WINDHOEK – Minister of Fisheries and Marine Resources Bernhardt Esau says the decision to introduce new regulations for the application of fishing rights are not anti-poor but to protect vulnerable community members who are often used for window dressing only.
In a speech read on his behalf by his deputy, Sylvia Makgone, on Friday, Esau said: “These communities, or individuals, are promised certain shareholding in the company, however, once the fishing rights are issued these communities, especially the vulnerable, are excluded from the beneficiation in dividend sharing.”
Making these comments at the official opening of the Namibia Fish Consumption Promotion Trust’s N$4.8 million dollar Wanaheda fish shop, Esau was adamant that the new regulations will ensure that all applicable community members are shareholders legally. He added that the new requirements, which make it compulsory for fishing quota applicants to use a proprietary limited company ((Pty) Ltd )) instead of a close corporation (cc), will ensure that share certificates are issued to community members, which will then qualify them to share in the profits derived by the rights holders.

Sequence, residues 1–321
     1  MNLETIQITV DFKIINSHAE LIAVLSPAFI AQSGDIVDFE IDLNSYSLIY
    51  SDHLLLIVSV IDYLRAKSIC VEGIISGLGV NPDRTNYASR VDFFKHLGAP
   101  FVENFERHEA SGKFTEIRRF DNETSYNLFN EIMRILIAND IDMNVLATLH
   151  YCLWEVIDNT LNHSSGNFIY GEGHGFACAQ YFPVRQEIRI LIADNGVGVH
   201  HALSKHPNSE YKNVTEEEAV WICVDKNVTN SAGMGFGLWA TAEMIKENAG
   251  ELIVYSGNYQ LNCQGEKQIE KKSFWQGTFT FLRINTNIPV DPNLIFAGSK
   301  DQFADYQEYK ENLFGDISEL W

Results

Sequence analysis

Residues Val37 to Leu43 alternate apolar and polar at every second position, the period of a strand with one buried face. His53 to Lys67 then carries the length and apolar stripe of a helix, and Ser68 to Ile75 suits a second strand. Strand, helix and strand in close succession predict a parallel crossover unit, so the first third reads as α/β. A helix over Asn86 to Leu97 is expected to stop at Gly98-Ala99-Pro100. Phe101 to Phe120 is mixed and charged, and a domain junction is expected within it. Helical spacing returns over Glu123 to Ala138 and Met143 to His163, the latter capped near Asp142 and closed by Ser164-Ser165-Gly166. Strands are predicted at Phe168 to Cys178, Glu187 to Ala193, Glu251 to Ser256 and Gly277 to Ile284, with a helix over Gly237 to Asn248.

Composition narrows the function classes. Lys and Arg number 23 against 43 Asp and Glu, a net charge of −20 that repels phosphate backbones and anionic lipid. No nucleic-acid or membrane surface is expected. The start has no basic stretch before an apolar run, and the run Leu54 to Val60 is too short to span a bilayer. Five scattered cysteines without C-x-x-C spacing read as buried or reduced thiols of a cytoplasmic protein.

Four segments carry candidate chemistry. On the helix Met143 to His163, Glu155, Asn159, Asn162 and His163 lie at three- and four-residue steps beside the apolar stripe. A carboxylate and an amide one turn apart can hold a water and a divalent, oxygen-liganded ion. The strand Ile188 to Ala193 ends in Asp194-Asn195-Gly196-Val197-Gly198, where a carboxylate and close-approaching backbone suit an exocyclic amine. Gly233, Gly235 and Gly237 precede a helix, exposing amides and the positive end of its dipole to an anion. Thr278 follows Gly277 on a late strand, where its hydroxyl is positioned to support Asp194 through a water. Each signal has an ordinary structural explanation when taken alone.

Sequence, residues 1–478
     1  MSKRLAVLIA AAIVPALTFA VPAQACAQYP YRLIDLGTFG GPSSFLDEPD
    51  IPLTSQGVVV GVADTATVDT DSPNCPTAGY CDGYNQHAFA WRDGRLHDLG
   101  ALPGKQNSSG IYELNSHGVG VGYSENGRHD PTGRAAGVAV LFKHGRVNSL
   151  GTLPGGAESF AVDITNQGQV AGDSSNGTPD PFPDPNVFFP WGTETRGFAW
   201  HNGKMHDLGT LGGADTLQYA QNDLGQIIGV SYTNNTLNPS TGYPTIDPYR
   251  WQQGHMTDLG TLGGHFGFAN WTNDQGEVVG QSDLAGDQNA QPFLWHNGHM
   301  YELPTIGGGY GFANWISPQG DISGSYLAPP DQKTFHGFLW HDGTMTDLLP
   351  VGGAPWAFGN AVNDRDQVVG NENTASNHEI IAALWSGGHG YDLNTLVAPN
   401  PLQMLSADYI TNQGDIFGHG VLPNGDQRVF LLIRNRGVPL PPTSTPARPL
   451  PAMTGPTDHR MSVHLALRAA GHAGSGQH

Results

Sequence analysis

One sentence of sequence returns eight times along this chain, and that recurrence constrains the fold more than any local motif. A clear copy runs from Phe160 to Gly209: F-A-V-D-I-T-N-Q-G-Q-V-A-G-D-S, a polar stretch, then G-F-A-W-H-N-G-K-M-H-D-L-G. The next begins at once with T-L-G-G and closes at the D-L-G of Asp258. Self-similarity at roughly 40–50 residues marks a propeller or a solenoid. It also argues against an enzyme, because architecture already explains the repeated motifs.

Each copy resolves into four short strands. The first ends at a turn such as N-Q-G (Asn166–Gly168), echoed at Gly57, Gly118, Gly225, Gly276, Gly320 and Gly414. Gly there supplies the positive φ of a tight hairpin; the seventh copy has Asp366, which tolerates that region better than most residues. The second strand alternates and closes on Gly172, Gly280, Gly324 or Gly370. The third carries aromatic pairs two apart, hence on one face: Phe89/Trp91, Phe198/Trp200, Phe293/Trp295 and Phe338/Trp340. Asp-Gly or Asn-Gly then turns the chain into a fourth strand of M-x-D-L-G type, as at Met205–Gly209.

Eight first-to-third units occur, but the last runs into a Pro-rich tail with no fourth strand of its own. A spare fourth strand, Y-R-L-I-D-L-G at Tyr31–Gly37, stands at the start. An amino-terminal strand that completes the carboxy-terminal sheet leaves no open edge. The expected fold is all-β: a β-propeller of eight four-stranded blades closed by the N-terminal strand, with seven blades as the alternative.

“We have had a lot of experience in this and opted to close loopholes which are used for corrupt practices. We want to root out corruption on every level, thus this measure of inclusivity,” said Esau.
Esau’s recent decision to change the requirements for state allocated fishing quotas has been received with mixed reactions.
The much-anticipated scramble for fishing rights, which is set to commence later this year, has seen many local and foreign companies rushing to get their hands on the coveted entitlement.
A total of 75 fishing rights are set to expire by December 31, while 32 fishing rights already expired on December 31, 2017. These fishing rights are and have been, as per usual, valid for 20 years.
Fisheries remain Namibia’s third largest economic sector, while the country is ranked among the top ten fishing nations in the world in terms of production value of production. For the 2015/16 financial year, Namibia generated approximately N$10 billion in export revenues from fishing, up from N$7 billion the previous year.
The evaluation of all fishing rights applications will be based on provisions in the Marine Resources Act (2000) and that expired, or expiring right holders, who have invested and complied with other conditions as required by law, would be more competitive than those who didn’t.
According to Esau, the expiration of fishing rights and the process that follows allow the government to affirm the fact that the fishing sector belongs to all Namibians and demonstrates that all Namibians can apply and compete fairly for a fishing right.
“As has already been demonstrated in the case of rights that expired in 2017, my ministry is determined to manage this process in a way that protects Namibian jobs and investments in the fisheries sector, and all rights that expire in 2018 and 2019,” said Esau at an earlier event.